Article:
- ADVERTISEMENT -
Click Here to Print This Obituary
Click here to View and Sign Guest Book View/Sign Guest Book

Donald Sobol Obituary

Encyclopedia Brown, Boy Detective by Donald J. Sobol
MIAMI (AP) - Donald J. Sobol, author of the popular "Encyclopedia Brown" series of children's mysteries, has died. He was 87.

Sobol died in Miami from natural causes July 11, his son John Sobol told The Associated Press on Monday.

Sobol's series featured amateur sleuth Leroy "Encyclopedia" Brown, who would unravel mysteries with the help of his encyclopedic knowledge of facts great and small. The books, first published in the early 1960s, were translated into 12 languages and sold millions of copies worldwide.

"Thanks to Donald, generations of children have learned to read and solve mysteries alongside Encyclopedia Brown, one of the most iconic characters in children's literature," said Don Weisberg, president of Penguin Young Readers Group, which publishes Sobol's books.

The Encyclopedia Brown books also featured Brown's friend and detective partner, Sally Kimball. John Sobol said his father was ahead of his times in creating a strong female character.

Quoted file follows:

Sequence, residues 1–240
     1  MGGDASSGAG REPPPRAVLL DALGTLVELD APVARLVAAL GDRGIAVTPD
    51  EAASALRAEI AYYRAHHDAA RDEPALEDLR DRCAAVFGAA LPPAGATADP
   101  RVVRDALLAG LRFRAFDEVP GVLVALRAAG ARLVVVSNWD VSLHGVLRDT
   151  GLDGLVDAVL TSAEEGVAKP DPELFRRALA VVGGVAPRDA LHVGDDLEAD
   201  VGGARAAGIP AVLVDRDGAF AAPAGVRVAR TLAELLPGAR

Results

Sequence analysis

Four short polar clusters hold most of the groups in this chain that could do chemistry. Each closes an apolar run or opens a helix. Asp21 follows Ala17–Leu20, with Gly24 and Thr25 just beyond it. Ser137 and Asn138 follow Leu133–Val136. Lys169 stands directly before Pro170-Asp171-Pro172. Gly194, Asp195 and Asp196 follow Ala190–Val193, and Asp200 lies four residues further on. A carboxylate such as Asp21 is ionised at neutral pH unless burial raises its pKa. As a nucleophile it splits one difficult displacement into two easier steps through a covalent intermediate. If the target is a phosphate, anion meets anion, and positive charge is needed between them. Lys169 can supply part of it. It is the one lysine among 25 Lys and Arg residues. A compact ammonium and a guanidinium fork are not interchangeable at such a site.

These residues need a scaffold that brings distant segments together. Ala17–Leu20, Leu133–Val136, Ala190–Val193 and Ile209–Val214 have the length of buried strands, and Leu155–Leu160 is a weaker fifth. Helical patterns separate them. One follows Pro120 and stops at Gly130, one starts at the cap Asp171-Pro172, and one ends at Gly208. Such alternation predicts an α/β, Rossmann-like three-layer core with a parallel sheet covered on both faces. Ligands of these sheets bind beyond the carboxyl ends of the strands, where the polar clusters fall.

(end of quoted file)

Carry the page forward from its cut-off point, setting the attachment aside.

"That was groundbreaking back in 1963 when the series was first published," Sobol said.

Next year marks the 50th anniversary of the Encyclopedia Brown series. Donald Sobol's latest Encyclopedia Brown adventure, "Encyclopedia Brown and the Case of the Soccer Scheme," will be published in October of this year, according to a release from Penguin.

Sobol's first book was rejected two-dozen times before it was published, his son said.

The Encyclopedia Brown concept - in which the solutions to the mysteries are shown after the story - came to Sobol while he was researching an article at the New York Public Library, and a clerk mistakenly handed him a game book, with puzzles on one side and the solutions on the other.

Sobol decided to write a mystery series with the same premise. He earned an Edgar Award from the Mystery Writers of America award for the Encyclopedia Brown series.

John Sobol said his father loved hearing from cou ntless librarians and parents about children who hated to read until they picked up an Encyclopedia Brown book.

Sobol authored more than 80 books and wrote on a daily basis.

LAURA WIDES-MUNOZ, The Associated Press


Copyright 2012 The Associated Press. All rights reserved. This material may not be published, broadcast, rewritten, or redistributed.
- ADVERTISEMENT -